BY RICK JACKSON
Here is a welcome surprise, a story about seniors lovingly told with respect, and clearly with a sense of fun and frivolity. It is a real find for the moviegoer. Don't miss it.
Based on the novel, These Foolish Things by Deborah Maggoch, the screenplay by Ol Parker focuses on a group of retirees who are duped into going to India where they stay at a hotel they believe has all the luxuries and facilities described in the brochure.
When they realize the truth, they resolve to make the best of it by making things right in the end, to quote a character. More importantly, they each have a purpose to make the trip more positive and, thereby, enjoy themselves and, in the process, learn a lesson about humanity.
Judi Dench leads the cast as Evelyn Greenslade, who writes about each day in her blog, and it
provides for some unerring understanding of her trip through her own individual sense of morality and joie de vivre that has instilled within her an insight the others at the hotel can't articulate because they are not writers.
Bill Nighy and Penelope Wilton steal the movie with their comic repartee as Douglas and Jean Ainslie. They provide insight into their lives as retirees and how they live each day to the fullest by finding something to do. This is also the case for Norman (Ronald Pickup), and the Judge (Hugh Dickson).
For Muriel (Maggie Smith), it means being able to afford a hip operation that was too costly back home.
Dev Patel, best known for his role in the Oscar-winning Slumdog Millionaire, plays Sonny Kapoor, the lovelorn proprietor whose inexperience in running a business stretches to his personal life which has been hindered by an outdated family philosophy. He contributes to the film's heart and soul.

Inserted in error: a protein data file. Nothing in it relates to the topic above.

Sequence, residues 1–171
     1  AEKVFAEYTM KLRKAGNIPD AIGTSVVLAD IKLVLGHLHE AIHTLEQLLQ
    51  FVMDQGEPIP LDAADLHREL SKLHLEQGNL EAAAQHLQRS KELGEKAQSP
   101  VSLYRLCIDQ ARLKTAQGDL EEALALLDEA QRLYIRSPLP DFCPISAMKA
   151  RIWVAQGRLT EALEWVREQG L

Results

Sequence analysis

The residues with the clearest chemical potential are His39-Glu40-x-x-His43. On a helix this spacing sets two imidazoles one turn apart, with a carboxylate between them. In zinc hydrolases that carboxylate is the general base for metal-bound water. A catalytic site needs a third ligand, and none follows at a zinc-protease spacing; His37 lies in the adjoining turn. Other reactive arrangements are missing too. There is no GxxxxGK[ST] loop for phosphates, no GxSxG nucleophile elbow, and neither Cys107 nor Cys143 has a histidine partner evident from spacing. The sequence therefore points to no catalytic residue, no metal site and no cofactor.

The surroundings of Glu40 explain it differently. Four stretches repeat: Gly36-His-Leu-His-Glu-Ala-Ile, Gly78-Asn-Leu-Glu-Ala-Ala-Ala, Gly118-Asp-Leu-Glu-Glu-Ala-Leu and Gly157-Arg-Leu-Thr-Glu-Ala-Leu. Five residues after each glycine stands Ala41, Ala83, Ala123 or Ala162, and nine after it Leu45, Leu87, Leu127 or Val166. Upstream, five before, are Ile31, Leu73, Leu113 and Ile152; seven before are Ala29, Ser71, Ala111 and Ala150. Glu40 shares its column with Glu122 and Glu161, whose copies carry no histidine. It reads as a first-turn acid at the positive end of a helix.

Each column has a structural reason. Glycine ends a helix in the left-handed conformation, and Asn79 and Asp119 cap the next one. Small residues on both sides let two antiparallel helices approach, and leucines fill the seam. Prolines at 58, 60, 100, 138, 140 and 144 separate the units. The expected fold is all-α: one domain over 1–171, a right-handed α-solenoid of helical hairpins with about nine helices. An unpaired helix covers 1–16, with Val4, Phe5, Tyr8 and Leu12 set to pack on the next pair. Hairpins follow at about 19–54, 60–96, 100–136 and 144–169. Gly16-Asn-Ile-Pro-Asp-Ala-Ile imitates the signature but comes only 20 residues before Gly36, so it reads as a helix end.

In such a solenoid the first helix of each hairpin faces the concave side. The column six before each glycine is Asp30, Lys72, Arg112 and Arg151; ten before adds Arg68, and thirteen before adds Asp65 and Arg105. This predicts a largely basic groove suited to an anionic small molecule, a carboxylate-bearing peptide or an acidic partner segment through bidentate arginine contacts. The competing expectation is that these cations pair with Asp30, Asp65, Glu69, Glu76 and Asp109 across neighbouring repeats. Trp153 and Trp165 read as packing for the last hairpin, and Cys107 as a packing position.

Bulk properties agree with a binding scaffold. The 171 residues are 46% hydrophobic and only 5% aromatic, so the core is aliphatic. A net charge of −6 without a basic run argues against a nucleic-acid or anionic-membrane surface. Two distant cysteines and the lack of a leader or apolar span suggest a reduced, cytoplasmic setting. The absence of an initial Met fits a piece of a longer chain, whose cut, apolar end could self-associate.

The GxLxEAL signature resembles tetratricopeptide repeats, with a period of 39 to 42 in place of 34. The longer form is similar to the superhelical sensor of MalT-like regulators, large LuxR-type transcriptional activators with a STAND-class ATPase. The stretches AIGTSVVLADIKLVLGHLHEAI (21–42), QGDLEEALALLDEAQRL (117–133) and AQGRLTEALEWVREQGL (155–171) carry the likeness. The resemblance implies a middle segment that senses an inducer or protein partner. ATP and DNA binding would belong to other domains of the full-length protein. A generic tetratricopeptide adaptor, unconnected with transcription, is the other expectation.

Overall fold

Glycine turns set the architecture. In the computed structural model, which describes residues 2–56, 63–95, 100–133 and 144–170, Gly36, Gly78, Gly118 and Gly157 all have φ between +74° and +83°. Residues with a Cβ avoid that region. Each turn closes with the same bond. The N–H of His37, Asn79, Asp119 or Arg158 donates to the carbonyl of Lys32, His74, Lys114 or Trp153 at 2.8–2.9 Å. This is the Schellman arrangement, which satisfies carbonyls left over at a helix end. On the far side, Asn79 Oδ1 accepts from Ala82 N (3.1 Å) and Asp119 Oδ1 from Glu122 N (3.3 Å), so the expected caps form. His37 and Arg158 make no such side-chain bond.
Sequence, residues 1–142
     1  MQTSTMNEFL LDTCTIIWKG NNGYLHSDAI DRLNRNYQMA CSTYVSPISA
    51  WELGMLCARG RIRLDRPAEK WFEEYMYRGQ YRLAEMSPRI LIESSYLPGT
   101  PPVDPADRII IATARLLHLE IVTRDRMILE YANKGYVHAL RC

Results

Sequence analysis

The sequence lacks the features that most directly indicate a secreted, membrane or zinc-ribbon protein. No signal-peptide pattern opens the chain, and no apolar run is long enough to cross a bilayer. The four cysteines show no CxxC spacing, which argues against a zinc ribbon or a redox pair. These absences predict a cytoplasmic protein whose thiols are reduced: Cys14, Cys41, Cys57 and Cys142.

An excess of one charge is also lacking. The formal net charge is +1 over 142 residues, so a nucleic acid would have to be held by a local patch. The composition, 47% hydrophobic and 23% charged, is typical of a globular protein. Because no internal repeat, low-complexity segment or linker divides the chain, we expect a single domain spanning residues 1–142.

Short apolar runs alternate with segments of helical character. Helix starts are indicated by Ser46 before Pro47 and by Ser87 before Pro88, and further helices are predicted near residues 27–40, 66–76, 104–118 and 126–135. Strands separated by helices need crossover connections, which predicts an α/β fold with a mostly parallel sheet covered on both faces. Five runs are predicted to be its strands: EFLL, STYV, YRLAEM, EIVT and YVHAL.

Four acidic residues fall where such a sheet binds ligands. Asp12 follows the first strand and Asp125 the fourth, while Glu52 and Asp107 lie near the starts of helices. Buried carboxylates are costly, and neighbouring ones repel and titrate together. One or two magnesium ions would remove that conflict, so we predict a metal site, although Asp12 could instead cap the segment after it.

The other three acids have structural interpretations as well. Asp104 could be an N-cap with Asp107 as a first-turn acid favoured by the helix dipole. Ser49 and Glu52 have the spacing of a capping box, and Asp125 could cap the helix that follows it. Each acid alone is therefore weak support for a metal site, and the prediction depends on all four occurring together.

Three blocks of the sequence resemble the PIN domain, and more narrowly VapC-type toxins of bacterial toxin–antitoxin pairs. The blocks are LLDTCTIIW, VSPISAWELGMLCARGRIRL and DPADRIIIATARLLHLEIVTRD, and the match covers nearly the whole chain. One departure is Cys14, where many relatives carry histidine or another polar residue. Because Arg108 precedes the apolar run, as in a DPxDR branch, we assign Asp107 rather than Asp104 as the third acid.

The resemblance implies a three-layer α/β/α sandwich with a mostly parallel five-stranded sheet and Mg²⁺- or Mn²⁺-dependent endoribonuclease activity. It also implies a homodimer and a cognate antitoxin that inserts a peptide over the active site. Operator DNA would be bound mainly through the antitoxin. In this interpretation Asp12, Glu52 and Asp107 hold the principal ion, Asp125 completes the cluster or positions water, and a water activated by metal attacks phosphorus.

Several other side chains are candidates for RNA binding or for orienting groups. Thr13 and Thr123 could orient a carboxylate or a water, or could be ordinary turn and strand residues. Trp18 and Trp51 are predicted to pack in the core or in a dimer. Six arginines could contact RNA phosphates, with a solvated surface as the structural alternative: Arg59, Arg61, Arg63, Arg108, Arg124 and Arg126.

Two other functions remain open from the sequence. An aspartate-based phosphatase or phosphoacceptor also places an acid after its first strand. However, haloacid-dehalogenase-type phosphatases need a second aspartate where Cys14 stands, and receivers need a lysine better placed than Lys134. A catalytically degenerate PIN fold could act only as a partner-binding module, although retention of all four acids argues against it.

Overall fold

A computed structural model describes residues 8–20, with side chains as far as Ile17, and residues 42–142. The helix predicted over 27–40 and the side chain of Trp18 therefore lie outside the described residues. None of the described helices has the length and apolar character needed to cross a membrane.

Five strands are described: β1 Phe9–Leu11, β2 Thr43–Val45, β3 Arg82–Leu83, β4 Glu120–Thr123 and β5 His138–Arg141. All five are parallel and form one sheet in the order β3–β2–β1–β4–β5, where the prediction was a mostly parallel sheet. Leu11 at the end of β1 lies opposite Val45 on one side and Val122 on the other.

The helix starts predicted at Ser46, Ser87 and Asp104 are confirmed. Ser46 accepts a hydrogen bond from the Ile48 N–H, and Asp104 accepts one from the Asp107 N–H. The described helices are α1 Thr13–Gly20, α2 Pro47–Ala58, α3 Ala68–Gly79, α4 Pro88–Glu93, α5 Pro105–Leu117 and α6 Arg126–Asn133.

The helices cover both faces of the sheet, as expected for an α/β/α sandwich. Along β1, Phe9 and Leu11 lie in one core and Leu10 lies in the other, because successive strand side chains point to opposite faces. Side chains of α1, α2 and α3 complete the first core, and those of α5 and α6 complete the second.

One character who gives an equally memorable role is Tom Wilkinson as Graham Dashwood, whose love for life remains undiminished. His performance resonates with the story's impact as a dramatic tour de force about seniors who, despite their age, can have the same wishes and dreams they once had when they were younger. His return to India fulfils a promise he made to return to India where he had one of the best times of his life.
The film opens with an instrumental version of Strangers In The Night, and it is from this reference you are for one of the best times you'll have at the movies this year.
Watch for another key sequence featuring Chic's 1978 disco hit, Le Freak in a moment that reminds him of a period in his life when he loved to dance with women.
This begs the thought for those seniors who will should be prepared to experience a tale that will convey the same attitude and brevity. To remember your zest for life speaks volumes as you watch the individual members play their parts indelibly and without prejudice.
Directed by John Madden (Shakespeare In Love), The Best Exotic Marigold Hotel holds the key to a long life of happiness and prosperity.
It is rated PG, with the warning: language may offend.
May 21, 2012
Copyright Rick Jackson 2012